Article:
What is food poisoning?
Food poisoning is a common illness that happens if you eat contaminated food. There are about 48 million cases of foodborne illness annually in the United States. Food poisoning typically resolves within a couple of days. However, there are about 128,000 annual hospitalizations due to food poisoning in the U.S..
Food poisoning is an infection or irritation of your digestive tract. Viruses, bacteria, and parasites are the common reasons for food poisoning. Most often, it is acute, lasting a short time. In some cases food poisoning can last longer and lead to serious complications. It is responsible for 3,000 deaths each year in the U.S.
Food poisoning is common, and can usually be resolved on its own within a week. Most cases are acute and don’t require medical attention. But if it doesn’t resolve within a week or two, you’ll want to call your doctor.
Signs and symptoms of food poisoning
Food poisoning symptoms can range from mild to severe depending on what type of food poisoning you got. It may take a few hours or even a day or two before you start experiencing symptoms. This can make it challenging to identify what caused food poisoning.
Common symptoms include:
If your symptoms do not resolve within a week they can become more severe. You should monitor your symptoms. Long-term effects include kidney failure, chronic arthritis, brain and nerve damage, and, in extreme cases, even death.
Causes of food poisoning
Food poisoning occurs because you’ve consumed a harmful microbe that infected your food. Common causes of food poisoning are:
Bacteria and viruses
This is the most common cause for food poisoning. How you treat your food poisoning, if it becomes severe, will be determined by which microbe you have ingested.
The most common foodborne parasites are roundworms and tapeworms. They can infect food that hasn’t been properly handled.
Mold, toxins, and contaminants
In some rare cases, you may have eaten food that has been contaminated with mold, toxins, or harsh chemicals. If you suspect you’ve consumed toxins or chemicals, you should call the poison control center.
You can get food poisoning from restaurants, eating at home, or buffets. Any food can become contaminated, but there are foods that can be common sources of food poisoning.
Common sources are:
- Raw shellfish and fish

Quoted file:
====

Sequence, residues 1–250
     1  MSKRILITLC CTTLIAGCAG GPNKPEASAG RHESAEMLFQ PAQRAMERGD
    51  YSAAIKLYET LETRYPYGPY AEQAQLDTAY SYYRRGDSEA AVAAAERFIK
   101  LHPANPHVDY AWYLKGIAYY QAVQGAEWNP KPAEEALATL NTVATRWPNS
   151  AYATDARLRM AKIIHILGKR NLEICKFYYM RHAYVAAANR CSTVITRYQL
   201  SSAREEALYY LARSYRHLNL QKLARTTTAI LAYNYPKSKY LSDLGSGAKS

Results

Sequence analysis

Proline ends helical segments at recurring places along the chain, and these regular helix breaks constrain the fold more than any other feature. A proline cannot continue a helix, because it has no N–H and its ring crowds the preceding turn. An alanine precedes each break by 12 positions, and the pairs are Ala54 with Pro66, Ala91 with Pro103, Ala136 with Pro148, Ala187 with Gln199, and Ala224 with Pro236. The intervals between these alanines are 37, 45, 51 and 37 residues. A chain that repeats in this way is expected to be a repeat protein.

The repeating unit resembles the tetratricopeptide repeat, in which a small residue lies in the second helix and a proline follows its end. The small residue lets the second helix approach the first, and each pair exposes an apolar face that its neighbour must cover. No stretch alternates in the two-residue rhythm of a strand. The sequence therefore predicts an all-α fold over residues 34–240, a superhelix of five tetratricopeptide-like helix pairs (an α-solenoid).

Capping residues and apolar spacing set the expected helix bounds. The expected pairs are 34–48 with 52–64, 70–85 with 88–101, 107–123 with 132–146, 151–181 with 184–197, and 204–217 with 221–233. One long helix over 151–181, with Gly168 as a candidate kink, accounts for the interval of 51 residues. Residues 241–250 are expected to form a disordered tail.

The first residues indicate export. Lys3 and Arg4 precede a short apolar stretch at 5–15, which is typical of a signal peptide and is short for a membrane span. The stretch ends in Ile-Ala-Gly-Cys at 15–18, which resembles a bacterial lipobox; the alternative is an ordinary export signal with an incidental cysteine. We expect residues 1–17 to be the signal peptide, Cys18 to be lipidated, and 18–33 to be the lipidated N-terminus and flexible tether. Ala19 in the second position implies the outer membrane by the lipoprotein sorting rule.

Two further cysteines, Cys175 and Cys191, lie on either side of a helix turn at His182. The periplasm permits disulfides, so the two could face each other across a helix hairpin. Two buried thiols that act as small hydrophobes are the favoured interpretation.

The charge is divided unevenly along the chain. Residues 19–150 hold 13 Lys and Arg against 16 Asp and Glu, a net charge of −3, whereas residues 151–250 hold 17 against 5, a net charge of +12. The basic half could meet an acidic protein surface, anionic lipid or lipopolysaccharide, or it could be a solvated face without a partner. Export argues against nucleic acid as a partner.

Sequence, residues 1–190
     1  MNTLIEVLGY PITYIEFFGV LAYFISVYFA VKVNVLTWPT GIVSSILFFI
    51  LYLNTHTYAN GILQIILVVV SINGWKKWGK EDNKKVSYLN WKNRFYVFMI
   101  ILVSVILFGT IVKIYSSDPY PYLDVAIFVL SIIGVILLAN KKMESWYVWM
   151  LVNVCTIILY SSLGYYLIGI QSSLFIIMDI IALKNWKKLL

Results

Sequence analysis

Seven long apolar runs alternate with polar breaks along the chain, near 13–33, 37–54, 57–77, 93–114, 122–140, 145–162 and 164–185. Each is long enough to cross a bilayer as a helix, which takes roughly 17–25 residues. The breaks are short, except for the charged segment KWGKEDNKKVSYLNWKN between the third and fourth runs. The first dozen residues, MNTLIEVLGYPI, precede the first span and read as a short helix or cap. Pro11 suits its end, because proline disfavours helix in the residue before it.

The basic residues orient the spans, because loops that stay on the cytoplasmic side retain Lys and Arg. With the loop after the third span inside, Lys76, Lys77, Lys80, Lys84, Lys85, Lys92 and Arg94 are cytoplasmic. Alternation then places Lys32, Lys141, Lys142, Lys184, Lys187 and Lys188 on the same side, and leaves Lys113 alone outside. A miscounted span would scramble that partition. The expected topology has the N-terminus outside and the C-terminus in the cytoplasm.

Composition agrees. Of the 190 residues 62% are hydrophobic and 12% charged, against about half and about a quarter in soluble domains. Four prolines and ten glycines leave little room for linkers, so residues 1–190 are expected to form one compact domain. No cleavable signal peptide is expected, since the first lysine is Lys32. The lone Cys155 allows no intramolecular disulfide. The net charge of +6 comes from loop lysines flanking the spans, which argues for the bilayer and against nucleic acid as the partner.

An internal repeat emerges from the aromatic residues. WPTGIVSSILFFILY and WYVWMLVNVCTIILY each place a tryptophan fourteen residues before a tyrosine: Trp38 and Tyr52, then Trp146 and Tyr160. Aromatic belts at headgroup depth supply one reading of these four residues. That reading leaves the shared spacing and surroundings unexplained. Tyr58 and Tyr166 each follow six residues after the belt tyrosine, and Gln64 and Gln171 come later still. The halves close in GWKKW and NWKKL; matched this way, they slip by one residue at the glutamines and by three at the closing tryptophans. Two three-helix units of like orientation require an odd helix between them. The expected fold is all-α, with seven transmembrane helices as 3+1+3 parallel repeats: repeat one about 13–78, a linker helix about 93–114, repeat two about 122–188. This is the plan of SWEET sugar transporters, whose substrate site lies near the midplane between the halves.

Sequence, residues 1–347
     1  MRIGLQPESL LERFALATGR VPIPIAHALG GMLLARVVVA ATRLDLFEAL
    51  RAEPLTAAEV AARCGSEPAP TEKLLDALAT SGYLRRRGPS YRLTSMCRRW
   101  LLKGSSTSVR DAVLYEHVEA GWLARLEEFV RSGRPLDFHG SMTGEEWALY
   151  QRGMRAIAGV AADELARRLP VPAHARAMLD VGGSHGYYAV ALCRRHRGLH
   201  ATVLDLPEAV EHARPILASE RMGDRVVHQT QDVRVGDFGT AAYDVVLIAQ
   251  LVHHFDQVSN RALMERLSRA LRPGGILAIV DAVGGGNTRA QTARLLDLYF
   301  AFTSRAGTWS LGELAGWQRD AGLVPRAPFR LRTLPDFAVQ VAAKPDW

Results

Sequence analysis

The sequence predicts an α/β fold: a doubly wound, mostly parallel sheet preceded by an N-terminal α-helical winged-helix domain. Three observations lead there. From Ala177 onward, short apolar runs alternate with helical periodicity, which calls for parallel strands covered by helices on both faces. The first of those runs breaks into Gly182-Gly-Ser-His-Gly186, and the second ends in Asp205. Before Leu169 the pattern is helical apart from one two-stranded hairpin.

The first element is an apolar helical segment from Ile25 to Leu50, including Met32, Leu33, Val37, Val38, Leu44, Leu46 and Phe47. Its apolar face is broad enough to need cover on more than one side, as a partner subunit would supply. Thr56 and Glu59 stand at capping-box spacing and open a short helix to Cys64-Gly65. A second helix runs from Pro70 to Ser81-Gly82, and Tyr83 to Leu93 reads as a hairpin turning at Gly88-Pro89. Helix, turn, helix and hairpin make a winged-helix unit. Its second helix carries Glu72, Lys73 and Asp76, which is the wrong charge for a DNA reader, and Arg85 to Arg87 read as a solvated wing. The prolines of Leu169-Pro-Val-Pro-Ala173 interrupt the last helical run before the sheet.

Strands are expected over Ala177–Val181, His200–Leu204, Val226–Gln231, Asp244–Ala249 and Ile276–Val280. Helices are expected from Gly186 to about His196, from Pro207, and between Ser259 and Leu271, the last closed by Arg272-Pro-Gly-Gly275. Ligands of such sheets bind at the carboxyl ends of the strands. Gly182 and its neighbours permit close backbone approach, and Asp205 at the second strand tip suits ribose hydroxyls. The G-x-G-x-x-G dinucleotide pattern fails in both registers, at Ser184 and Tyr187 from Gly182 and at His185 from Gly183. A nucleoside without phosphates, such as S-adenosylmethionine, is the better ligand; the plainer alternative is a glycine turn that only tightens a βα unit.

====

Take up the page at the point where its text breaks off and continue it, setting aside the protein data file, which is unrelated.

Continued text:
- Raw or undercooked meat or poultry
- Processed or “ready to eat” deli meats or hotdogs
- Unwashed fruits and vegetables
- Unpasteurized dairy products
When to see the doctor for food poisoning
If you’re food poisoning is severe and accompanied by the following symptoms you should consult your doctor:
Diagnosing food poisoning
Many cases of food poisoning never get an official diagnosis from the doctor. If you need to visit your doctor for food poisoning, they will diagnose you based on your symptoms. They may perform additional tests to rule out other health problems or complications. Your doctor may need to report your food poisoning to the health department.
Treatments for food poisoning
Most cases of food poisoning are mild and can be treated at home. Your symptoms should go away within a week or two. Two important methods of treating food poisoning are:
Replacing electrolytes and lost fluids
You need to replace lost fluids to prevent dehydration or treat mild dehydration. Drink plenty of liquids, and if you have consistent vomiting try sipping small amounts of clear liquids. You can replace fluids and electrolytes with water, fruit juices with water, sports drinks, broths. Pedialyte, or other oral rehydration solutions that contain electrolytes are a good option.
Some over-the-counter medicines like loperamide (Imodium) and bismuth subsalicylate (Pepto-Bismol, Kaopectate) can treat diarrhea. Make sure you consult your doctor before giving medicine to your infant or child.
If you have bloody diarrhea or fever, do not use over-the-counter medicines for diarrhea. These are signs of infection. You should see your doctor for proper treatment.
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FamilyDoctor.org: "What is food poisoning?"
Foodsafety.gov: "Food poisoning."
National Institute of Diabetes and Digestive and Kidney Diseases: "Definitions and facts of food poisoning."